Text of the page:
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COVID-19 and Bankruptcy: Changes from the CARES Act

 In COVID-19, Blog

On March 27, 2020, the CARES Act (Coronovirus Aid, Relief, and Economic Security Act) became law.  The Act provides nearly $2 trillion in stimulus in an attempt to get the country through the economic shutdown caused by the coronavirus.

Included in the CARES Act is a significant provision that will make bankruptcy a much more attractive option to business owners.  The CARES Act increases the debt limit for an attractive form of small business bankruptcy from $2.7 million to $7.5 million.  Specifically, in February 2020 the Small Business Reorganization Act went into effect.  The goal of the SBRA was to make Chapter 11 bankruptcy more attractive to small businesses.  The SBRA contained a number of significant changes from regular Chapter 11.  The most important was elimination of what is known as the “absolute priority rule.”  That rule typically did not allow a business owner to retain control/ownership of the business unless all creditors were paid in full, which was impossible in most bankruptcies.

By doing away with the absolute priority rule, the SBRA made business bankruptcies much more attractive.  However, the debt limit under the SBRA was so low that it was not of practical use in the vast majority of business bankruptcies.

That has changed with the CARES Act, with it more than tripling the debt limit.  For small business owners, a bankruptcy reorganization is now far more attractive.  Importantly, the Act’s expanded eligibility expires in a year; so (unless the period is extended) that time period will be critical.  For creditors, they will need to be mindful of the remaining opportunities to argue for fair treatment in bankruptcy court.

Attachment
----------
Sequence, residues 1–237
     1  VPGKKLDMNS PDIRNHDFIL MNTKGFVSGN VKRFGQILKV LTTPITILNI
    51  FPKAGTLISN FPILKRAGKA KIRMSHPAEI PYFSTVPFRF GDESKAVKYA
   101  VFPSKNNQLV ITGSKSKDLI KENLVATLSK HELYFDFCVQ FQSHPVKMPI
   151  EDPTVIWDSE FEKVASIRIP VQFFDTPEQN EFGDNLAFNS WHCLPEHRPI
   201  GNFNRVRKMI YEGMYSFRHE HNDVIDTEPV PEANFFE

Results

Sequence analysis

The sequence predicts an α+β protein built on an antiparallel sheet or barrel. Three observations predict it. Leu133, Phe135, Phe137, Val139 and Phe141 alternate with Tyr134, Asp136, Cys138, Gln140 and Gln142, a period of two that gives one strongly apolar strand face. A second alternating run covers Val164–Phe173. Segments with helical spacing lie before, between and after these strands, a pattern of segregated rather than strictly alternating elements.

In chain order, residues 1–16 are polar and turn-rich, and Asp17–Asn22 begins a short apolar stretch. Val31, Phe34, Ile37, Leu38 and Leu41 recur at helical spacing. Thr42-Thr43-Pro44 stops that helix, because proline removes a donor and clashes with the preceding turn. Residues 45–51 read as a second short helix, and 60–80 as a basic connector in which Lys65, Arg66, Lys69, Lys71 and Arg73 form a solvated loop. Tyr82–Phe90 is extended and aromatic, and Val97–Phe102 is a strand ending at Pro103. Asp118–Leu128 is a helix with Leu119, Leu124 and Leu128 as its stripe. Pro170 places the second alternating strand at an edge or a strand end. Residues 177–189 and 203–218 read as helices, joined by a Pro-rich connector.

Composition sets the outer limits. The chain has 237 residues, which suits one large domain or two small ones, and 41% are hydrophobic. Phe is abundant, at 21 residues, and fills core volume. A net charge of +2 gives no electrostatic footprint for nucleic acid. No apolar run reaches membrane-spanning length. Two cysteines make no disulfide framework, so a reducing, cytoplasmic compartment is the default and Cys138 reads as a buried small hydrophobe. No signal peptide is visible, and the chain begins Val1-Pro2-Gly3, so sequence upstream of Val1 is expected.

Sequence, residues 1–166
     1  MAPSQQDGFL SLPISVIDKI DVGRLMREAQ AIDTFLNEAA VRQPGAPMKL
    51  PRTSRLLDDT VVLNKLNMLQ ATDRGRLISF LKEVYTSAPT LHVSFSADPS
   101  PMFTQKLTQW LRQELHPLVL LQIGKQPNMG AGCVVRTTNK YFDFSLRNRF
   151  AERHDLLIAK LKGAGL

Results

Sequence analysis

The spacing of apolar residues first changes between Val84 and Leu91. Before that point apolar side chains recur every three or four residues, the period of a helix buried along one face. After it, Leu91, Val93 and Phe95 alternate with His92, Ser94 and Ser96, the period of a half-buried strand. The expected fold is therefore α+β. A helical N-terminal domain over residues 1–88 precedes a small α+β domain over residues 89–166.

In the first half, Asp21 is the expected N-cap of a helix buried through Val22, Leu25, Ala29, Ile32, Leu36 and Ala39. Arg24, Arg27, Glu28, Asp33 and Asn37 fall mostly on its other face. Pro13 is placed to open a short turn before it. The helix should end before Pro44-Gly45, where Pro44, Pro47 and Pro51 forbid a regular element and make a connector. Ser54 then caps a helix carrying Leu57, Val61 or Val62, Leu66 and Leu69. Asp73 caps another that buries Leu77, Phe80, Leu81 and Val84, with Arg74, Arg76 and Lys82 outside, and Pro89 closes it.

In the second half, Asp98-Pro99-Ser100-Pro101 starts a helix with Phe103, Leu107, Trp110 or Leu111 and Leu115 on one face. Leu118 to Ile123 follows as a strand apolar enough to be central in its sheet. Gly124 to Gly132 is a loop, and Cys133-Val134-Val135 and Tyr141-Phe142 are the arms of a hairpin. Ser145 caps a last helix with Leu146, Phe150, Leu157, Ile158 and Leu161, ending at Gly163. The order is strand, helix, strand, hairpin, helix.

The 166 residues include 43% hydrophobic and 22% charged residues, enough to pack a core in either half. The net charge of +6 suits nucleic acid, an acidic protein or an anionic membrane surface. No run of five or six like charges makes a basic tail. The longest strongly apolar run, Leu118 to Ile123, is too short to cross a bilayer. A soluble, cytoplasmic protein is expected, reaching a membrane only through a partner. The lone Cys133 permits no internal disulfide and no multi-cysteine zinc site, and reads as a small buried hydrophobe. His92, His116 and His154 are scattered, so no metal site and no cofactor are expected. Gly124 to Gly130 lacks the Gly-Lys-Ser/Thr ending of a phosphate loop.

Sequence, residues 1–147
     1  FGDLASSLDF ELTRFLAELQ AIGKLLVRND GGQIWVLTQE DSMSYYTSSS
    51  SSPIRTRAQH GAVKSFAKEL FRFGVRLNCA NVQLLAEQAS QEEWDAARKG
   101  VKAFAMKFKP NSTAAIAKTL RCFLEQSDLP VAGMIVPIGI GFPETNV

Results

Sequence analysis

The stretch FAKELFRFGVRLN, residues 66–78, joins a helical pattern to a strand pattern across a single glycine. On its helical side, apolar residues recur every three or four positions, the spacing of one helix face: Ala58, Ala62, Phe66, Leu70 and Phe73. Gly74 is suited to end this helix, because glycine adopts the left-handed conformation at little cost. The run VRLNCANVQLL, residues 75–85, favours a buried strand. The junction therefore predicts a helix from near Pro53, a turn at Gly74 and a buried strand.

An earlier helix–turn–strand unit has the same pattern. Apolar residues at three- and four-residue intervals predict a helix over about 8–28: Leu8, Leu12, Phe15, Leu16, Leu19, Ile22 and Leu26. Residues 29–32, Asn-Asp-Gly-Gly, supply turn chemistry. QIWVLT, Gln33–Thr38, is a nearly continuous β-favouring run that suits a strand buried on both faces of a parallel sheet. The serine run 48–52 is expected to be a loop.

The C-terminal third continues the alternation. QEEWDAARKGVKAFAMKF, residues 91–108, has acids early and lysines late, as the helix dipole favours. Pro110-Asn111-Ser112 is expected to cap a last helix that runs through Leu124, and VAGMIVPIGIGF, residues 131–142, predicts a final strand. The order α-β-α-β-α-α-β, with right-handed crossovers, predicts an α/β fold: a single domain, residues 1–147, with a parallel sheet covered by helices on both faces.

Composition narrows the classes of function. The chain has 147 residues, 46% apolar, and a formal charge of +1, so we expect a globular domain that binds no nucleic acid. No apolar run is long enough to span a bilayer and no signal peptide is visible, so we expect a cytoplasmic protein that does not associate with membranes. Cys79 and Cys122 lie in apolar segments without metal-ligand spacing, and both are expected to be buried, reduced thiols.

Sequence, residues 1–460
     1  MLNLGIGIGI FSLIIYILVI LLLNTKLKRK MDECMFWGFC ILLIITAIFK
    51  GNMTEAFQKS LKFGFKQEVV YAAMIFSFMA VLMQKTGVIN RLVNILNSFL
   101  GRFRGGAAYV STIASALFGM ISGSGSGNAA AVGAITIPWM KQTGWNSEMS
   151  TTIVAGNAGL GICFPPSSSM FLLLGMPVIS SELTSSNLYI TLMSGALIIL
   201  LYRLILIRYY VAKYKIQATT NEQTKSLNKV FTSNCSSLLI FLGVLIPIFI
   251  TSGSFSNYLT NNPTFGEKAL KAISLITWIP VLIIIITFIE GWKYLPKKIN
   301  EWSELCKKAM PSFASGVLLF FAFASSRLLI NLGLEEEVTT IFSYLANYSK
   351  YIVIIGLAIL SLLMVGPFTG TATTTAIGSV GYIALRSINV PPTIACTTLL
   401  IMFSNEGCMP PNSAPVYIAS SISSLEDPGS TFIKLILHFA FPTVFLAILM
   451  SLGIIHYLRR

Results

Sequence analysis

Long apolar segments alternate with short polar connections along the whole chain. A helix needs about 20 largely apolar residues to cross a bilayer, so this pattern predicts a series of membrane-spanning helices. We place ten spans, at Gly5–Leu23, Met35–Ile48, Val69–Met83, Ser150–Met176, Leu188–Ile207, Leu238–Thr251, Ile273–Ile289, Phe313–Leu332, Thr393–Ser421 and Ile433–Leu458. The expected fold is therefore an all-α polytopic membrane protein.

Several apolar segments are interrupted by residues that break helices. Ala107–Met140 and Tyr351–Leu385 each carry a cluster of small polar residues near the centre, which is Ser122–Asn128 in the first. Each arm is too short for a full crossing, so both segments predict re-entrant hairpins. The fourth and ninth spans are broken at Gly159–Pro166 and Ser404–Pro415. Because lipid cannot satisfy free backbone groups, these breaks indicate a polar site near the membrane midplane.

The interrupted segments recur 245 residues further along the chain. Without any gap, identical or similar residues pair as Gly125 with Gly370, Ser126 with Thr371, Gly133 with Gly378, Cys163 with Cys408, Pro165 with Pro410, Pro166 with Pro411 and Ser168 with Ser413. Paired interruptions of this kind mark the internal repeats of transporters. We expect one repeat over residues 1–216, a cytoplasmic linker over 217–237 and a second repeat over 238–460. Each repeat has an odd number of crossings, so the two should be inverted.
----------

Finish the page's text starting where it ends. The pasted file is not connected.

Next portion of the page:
With the CARES Act for small business owner  a bankruptcy reorganization is now far more attractive.  The Act’s expanded eligibility expires in a year; so (unless the period is extended) that time period will be critical.  For creditors, they will need to be mindful of the remaining opportunities to argue for fair treatment in bankruptcy court.

The CARES Act also includes expanded small business loan procedures that are intended to lessen the need for bankruptcy protection.  These loans are available to businesses with less than 500 employees, and the favorable terms include loan amount tied to the payroll amount as opposed to an analysis of ability to repay, maximum interest rate of 4%, and credits against the loan amount for payments to payroll.  Key provisions include:

  • An increase of the existing federal guarantee to 100%.
  • The loans can be for up to 2.5 times the borrower’s average total monthly payroll over the prior 1-year period, with a maximum loan amount of $10 million
  • Loan repayments are deferred by at least six months
  • Acceptable uses of loan proceeds include payroll costs, mortgage, rent and utility payments; and interest on any other debt obligations incurred before February 15, 2020.
  • Forgiveness of loan amounts based on payroll maintained by the borrower.

Photo by  Ricardo Reitmeyer from Shutterstock

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